Under optimal conditions, the average GPS device is accurate to within a handful of meters. However, there are many variables that affect how accurately a GPS performs in the real world.
Understanding these variables helps you increase the accuracy of your GPS, and to understand when it might not be providing with you with the most accurate information. The quality of the GPS receiver itself also plays a large part in the accuracy of the information it provides.
According to the United States government’s website on GPS, the average GPS should be accurate to within 7.8 meters with a 95% confidence rate. This statistic assumes a device that is only relying on the pure GPS signal and not using other technologies and reference points to increase accuracy. The quality and technology of the device being used and the operating conditions can cause this number to vary greatly.
The manufacturers of GPS technology have their own claims as to how accurate their devices are. Garmin, for example, says its devices are accurate to 15 meters, on average. However, companies can manufacture higher end GPS devices that use alternate signal sources to create more accurate readings.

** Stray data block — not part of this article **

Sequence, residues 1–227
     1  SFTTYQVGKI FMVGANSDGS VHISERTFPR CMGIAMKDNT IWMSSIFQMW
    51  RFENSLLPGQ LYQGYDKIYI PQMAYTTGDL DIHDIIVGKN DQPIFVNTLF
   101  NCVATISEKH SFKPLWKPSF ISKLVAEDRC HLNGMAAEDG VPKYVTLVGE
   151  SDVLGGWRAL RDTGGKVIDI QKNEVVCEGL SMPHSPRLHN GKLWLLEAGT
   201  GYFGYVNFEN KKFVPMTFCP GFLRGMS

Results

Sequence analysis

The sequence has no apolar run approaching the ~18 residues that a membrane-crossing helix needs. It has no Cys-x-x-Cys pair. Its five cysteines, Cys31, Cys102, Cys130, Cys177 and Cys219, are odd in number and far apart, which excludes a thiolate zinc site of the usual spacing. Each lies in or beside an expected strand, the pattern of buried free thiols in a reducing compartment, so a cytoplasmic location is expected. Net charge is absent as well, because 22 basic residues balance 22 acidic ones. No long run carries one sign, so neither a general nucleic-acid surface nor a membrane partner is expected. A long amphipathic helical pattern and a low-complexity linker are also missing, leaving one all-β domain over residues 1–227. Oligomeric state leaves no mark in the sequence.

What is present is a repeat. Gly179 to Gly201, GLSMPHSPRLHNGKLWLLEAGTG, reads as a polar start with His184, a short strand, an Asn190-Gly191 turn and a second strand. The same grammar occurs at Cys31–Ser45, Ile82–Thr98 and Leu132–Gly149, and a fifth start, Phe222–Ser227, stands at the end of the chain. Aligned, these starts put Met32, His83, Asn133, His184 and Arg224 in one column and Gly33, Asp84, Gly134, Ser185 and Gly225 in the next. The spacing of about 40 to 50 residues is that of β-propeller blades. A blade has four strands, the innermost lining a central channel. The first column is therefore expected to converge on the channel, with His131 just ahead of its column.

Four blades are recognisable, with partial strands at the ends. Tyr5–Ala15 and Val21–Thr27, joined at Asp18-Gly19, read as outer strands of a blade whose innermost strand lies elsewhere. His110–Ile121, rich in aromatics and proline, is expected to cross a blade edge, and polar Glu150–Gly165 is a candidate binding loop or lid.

Lockheed-Martin plans to launch a new tier of GPS satellites starting in 2013. These “Block III” satellites are going to allow new GPS devices to be much more accurate on average than those currently on the market. According to Lockheed-Martin, the newer system should be accurate to within 3 feet of the user’s position.
Various types of interference prevent GPS devices from reaching peak accuracy. Because GPS works on what is essentially a line-of-sight signal, obstructions between your device and the sky are the most common reasons that accuracy is compromised.
Being indoors, for example, almost always makes GPS less accurate and will sometimes render a GPS device nonfunctional.
However, being underneath a tree canopy or in the shadow of large buildings could also make your GPS less accurate than it would be in peak operating conditions.
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